German shoppers dig out wallets in April: retail data
Germans headed back to the high street in April, pushing up retail sales for the first time this year, official data released on Tuesday by the national statistics office showed.
Retail sales in the biggest European economy gained a seasonally-adjusted 1.0 percent from March, in line with analysts' forecasts, the Destatis office said.
"Finally some spending," ING senior economist Carsten Brzeski commented.
"April retail sales in Germany brought some evidence that German consumers can still spend it."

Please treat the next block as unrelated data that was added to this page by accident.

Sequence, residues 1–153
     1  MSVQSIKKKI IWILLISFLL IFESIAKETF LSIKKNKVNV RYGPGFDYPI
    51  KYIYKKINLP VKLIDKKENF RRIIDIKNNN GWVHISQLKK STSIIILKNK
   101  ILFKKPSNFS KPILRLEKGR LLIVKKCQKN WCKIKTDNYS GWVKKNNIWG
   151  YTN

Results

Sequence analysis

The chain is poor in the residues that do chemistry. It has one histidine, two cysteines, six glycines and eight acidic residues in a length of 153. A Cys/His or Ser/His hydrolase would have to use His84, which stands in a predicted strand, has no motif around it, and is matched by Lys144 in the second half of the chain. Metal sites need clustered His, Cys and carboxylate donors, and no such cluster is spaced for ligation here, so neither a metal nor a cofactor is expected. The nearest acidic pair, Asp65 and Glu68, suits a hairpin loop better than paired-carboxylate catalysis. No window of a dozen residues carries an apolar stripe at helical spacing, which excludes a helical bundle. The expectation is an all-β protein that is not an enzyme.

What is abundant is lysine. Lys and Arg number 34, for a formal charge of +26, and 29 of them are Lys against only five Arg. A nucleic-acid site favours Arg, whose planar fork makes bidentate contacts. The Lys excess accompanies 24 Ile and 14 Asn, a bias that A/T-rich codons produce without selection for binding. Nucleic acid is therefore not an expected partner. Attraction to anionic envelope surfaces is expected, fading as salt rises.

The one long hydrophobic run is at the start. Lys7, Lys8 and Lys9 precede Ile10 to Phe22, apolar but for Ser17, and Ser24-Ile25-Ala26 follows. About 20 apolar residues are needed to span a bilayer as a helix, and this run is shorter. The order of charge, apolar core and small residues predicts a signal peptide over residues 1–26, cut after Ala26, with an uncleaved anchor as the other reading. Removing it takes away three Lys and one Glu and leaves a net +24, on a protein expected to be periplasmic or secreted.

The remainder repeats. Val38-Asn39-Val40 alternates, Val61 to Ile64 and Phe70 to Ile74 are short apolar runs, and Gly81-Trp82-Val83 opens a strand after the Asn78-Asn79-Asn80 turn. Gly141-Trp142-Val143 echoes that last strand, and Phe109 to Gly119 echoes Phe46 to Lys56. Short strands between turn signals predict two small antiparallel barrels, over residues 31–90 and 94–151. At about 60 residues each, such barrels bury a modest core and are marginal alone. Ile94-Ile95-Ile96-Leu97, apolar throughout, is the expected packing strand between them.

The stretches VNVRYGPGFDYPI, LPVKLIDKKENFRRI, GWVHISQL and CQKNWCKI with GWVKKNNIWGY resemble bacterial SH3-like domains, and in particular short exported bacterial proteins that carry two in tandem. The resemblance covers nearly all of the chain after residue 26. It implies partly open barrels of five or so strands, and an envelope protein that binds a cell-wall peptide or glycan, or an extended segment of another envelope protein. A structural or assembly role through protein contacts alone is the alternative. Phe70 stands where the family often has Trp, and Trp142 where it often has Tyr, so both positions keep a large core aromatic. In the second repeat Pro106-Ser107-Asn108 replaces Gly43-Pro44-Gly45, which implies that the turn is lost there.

Export-oriented Germany has been pressured by European Union neighbours to boost domestic consumption and help those who do not manage to achieve Berlin's constant trade surpluses.
On an annual basis, retail sales nonetheless plunged by 3.1 percent, the data showed.
Shoppers pulled back following the expiration of a German car scrapping scheme in September, but Brzeski also noted that the retail data is highly volatile, often revised and has "to be taken with a pinch of salt."
While factors remain in place to encourage further consumption, such as low inflation, wage increases and solid corporate order books, headwinds might kick up later this year as officials seek to rein in an excessive public deficit.
"Increased uncertainty stemming from the eurozone's sovereign debt crisis should not really stimulate German consumers to open their wallets," the ING economist added.
© 2010 AFP